LAPD, other SoCal agencies suspending use of sleeper hold

Amid increased scrutiny of aggressive policing tactics, the LAPD and several other local agencies announced they are suspending the use of the carotid hold.
LOS ANGELES (KABC) -- The Los Angeles Police Department and other local law enforcement agencies are halting the use of carotid artery restraints, also known as sleeper holds, amid increased scrutiny over aggressive policing tactics.

In L.A. County, the Board of Supervisors on Tuesday voted unanimously to support AB 1196, which would ban carotid artery restraints throughout the state. The board is also considering a measure to urge the L.A. County Sheriff's Department and the 46 other police departments within the county to ban or restrict the potentially fatal holds.

"We need to hold officers accountable for using carotid holds, but we can't hold law enforcement officers accountable if their own departments' rules book lets them off the hook," Supervisor Janice Hahn said.

L.A. County Sheriff Alex Villanueva says his department's use of force policy bans carotid restraints except in deadly force situations, and that it echoes those pushed by the Black Lives Matter Campaign Zero standards.

Only a few days ago, Gov. Gavin Newsom announced he is directing the state's training commission to stop teaching officers how to use the hold.

Newsom's order did not ban the use of the hold by agencies, though he noted there is legislation in the works that would do just that.

Gov. Gavin Newsom directs California police officers to stop training use of carotid chokehold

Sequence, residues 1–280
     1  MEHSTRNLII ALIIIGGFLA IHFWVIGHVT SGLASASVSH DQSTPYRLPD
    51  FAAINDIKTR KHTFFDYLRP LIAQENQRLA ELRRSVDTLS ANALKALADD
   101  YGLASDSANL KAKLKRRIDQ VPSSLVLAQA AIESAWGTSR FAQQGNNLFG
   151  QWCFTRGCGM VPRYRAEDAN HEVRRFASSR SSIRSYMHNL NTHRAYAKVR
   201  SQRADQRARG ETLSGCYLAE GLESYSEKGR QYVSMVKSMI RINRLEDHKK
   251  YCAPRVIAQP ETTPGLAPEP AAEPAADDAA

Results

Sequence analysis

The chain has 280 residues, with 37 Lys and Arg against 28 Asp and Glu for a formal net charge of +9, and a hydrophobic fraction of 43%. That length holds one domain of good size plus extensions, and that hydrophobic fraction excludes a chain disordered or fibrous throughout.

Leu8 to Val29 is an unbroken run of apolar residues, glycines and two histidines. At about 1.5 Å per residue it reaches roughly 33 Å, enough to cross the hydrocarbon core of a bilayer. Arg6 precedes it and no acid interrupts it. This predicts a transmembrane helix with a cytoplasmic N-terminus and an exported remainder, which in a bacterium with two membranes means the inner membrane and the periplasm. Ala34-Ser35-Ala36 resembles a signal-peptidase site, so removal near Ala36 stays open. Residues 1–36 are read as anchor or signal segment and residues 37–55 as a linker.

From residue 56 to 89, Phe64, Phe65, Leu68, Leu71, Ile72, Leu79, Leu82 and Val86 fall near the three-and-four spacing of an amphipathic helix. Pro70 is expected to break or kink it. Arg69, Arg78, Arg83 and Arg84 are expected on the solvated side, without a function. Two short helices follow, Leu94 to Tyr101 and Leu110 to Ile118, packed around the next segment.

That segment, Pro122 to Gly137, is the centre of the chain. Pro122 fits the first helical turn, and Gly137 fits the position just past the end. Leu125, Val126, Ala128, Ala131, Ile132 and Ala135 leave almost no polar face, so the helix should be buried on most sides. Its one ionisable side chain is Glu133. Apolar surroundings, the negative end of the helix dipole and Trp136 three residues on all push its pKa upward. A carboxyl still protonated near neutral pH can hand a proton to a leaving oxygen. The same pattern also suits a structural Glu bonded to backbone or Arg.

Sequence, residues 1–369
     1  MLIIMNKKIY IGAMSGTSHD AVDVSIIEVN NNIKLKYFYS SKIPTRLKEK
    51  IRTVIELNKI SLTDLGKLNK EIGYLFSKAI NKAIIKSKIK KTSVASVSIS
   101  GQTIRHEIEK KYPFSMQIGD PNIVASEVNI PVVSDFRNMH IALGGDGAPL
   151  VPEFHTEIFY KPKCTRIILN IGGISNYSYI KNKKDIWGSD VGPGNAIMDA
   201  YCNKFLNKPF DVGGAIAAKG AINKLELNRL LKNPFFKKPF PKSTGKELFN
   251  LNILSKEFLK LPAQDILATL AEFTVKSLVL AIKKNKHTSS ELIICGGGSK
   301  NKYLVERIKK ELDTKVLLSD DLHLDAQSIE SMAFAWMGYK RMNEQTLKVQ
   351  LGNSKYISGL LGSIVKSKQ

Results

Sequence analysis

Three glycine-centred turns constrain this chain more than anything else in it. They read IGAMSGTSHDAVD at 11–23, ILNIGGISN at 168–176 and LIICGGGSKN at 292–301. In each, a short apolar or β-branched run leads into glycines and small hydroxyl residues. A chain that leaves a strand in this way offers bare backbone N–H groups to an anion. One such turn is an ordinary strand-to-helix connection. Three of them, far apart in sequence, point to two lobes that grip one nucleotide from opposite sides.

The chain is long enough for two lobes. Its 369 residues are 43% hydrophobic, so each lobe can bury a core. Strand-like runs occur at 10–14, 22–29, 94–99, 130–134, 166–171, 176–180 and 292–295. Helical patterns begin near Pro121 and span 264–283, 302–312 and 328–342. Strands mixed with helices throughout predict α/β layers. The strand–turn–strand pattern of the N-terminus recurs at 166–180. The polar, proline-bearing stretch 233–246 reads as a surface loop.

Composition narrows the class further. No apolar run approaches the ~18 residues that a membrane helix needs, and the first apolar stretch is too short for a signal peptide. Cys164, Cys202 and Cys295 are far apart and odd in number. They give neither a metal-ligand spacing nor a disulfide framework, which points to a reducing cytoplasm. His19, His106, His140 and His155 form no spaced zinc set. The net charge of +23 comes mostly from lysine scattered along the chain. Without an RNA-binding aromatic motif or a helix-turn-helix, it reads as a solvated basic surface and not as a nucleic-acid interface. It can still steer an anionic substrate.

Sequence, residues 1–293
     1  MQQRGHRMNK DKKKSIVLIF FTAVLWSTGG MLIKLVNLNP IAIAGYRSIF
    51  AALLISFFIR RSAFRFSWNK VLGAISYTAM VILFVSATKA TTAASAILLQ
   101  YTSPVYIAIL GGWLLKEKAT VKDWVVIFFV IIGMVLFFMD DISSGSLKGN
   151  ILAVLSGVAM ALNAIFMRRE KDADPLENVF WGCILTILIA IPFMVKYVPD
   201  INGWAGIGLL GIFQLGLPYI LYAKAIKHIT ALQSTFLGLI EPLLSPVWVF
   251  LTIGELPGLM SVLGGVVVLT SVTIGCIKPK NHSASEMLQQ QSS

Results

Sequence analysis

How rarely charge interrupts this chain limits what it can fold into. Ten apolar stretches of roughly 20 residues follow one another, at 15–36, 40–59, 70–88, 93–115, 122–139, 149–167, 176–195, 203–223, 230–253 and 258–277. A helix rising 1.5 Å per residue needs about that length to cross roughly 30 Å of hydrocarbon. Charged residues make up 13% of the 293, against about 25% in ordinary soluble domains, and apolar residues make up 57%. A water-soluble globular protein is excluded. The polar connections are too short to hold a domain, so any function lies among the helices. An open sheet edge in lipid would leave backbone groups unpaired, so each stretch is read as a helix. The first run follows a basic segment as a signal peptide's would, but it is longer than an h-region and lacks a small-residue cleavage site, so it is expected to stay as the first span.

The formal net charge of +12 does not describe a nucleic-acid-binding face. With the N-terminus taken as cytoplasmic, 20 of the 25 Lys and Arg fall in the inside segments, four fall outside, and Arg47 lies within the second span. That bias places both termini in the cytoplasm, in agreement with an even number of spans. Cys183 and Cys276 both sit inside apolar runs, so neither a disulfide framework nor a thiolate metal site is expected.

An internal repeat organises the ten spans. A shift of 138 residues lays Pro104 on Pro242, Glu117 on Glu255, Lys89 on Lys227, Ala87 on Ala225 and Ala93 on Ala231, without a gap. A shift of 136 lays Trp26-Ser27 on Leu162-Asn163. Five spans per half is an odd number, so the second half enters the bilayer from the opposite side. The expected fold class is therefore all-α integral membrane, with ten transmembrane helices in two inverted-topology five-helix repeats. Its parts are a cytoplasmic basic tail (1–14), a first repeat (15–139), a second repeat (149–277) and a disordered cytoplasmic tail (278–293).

Still, several police agencies in Southern California are moving forward with at least temporary suspensions of the use of the hold.

The carotid hold is a form of chokehold that cuts off blood flow through the carotid arteries to the brain. It can almost immediately render someone unconscious and has the potential to cause serious injury or death if the flow of blood to the brain is restricted for too long.

"At the end of the day, the carotid hold that literally is designed to stop people's blood from flowing into their brain - that has no place any longer in 21st century practices," Newsom said.

The changes are coming as departments across the country face intense scrutiny over their tactics as massive protests are held over the death of George Floyd.

Without the sleeper hold, officers have other tools to use, including voice commands, tasers, pepper spray and firearms.

The LAPD and the Police Commission on Monday announced the department is placing an immediate moratorium on the use of the hold, until the commission can conduct a detailed review of the method.
Police Commission President Eileen Decker said on Sunday she requested an immediate review of LAPD policy on the use of the hold. After that review on Monday, she and LAPD Chief Michel Moore agreed on the moratorium.

Over the weekend, several other local agencies made similar announcements, including El Monte, Pasadena and Santa Ana.

El Monte Chief David Reynoso said he is ordering training in other tactics for officers to restrain uncooperative suspects.

"El Monte police officers can work together to keep themselves safe and continue to find the balance between officer safety and always treating every member of the community with dignity and respect," Reynoso said.

Both the El Monte and Pasadena departments are exploring alternative techniques and options for confrontations with dangerous or violent suspects.

He noted that the department is also working on launching the use of body worn cameras by all officers this year.

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City News Service contributed to this report.
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